For decades, being gay in China meant getting married, having
children and living a lie every single day of your life.
If you ventured an encounter, it was quick, furtive and
anonymous. If you were discovered, you risked job loss,
ostracism and perhaps even arrest.
But with economic reforms and Westernization in recent years,
official repression and societal pressures have shown signs of
easing. Seizing on this small opening, Gary Wu, one of China's
first gay activists, set into motion what could be called a
bona fide movement.
After two years investigating, organizing and making a
documentary in China, Wu has brought his movement to San
Francisco. He is meeting with local gay groups to network and
raise money, and intends to establish an Overseas Chinese Gay
and Lesbian Center in either San Francisco, Los Angeles or New
York by June.
"San Francisco is like a paradise for gays, but there's still a
long road ahead," the 28-year-old Wu said in an interview
The Chinese government's treatment of gays has changed from one
of active harassment - often arresting them on the generic
charge of "hooliganism" - to one of denying and ignoring their
existence: Don't ask, don't tell.
As a result, there's a limited sense of freedom for some young
people. They feel free enough to convene at gay bars and discos
that have sprung up in the larger cities, but not free enough
to tell their families or co-workers.
"It's like a bird in a cage: You open the door, and now the
bird can do whatever it wants, but it has to be careful of the
cat," said a French student who lived in Beijing last year with
his Chinese boyfriend. The student, who asked to remain
anonymous, and his boyfriend recently decided to move to San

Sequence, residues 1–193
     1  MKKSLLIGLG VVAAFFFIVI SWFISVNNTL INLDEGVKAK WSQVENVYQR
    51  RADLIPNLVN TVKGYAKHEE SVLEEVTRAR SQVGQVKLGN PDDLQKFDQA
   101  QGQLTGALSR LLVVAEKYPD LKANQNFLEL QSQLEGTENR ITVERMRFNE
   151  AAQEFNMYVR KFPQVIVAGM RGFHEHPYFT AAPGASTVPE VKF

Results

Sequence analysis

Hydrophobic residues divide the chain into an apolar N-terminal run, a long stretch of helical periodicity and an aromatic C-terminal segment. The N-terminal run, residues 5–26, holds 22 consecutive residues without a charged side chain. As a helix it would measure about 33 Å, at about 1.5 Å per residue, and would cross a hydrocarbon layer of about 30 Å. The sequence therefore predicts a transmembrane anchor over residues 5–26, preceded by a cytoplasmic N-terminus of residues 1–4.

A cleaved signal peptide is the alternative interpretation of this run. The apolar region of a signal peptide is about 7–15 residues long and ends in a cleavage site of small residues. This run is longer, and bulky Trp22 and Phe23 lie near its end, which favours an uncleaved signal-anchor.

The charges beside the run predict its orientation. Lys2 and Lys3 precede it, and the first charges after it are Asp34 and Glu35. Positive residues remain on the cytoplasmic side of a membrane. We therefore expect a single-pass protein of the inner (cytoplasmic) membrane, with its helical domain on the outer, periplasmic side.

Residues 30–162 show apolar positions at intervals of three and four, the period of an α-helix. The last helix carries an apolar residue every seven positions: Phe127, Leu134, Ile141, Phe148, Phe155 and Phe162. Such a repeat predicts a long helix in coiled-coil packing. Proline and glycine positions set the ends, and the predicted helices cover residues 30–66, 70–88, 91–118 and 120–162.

Francisco because life as a gay couple in China was marked by
Public attitudes toward homosexuality in China are
characterized largely by ignorance. They don't know what it is
- but whatever it is, it must come from foreigners, Wu said.
"There are others who think it's a disease," he said. "They
say, "Oh, you're gay? You better go to the hospital and get
Understanding of AIDS and HIV transmission is just as lacking.
Many people still think they're safe if they stay away from
foreigners, Wu said.
"If you even suggest using a condom, people look at you like
you're from another planet," the French student said of the gay
community in Beijing.
Official Chinese figures put the number of HIV cases at about
5,000, but international health experts say the actual figure
could be 10 to 20 times higher. HIV testing is usually limited
to intravenous drug users, prostitutes and those who have
Because of immense social pressure to get married and have
children, most gays and lesbians lead closeted double lives.
Gay men often meet in public parks or bathhouses.
Wu quit his job as a journalist in his native Guangdong
province in 1994 and, with the support of a Taiwanese
television company, traveled to 15 Chinese cities for a survey
of gay life.
The resulting TV show was aired by a Hong Kong station, which
was picked up in neighboring Guangdong. That's when his mother
discovered he was gay.
"She was worried I'd have political problems and also wanted to
know what my plans were if I wasn't planning to get married,"
Wu said. "I told her I'd find a partner and have a very nice
His mother is now very supportive of him, but his family still
gets occasional visits from the police inquiring about his
Since 1994, Wu has lived in Beijing. He produced a documentary
on the gay scene in China that debuted at the International Gay
and Lesbian Film Festival in San Francisco last summer,
arriving from China just hours before it was shown to a
The film was titled "Comrades," the new term Chinese gays have
seized upon to refer to themselves. Wu says its use as a word
for friendships of all types dates back to Sun Yat-sen, the
first president of modern China.
Wu plans to organize a film festival this fall featuring
Chinese gay and lesbian works.
"Without a significant amount of international attention and
support, he could spend the rest of his life in jail," said
Julie Dorf, executive director of the International Gay and
Lesbian Human Rights Commission in San Francisco, which is
providing Wu with some organizational support.
In San Francisco, Dorf's group, along with the Gay Asian
Pacific Alliance and the Lavender Dragon Society, will host a
reception for Wu Sunday night at the Metropolitan Community
Wu hopes to raise $200,000 to set up his center and eventually
publish monthly newsletters in English and Chinese.
His ultimate goal is the legalization of gay marriage in China.
"This would be the ideal solution for gays and for China's
birth control problem," he said with a smile.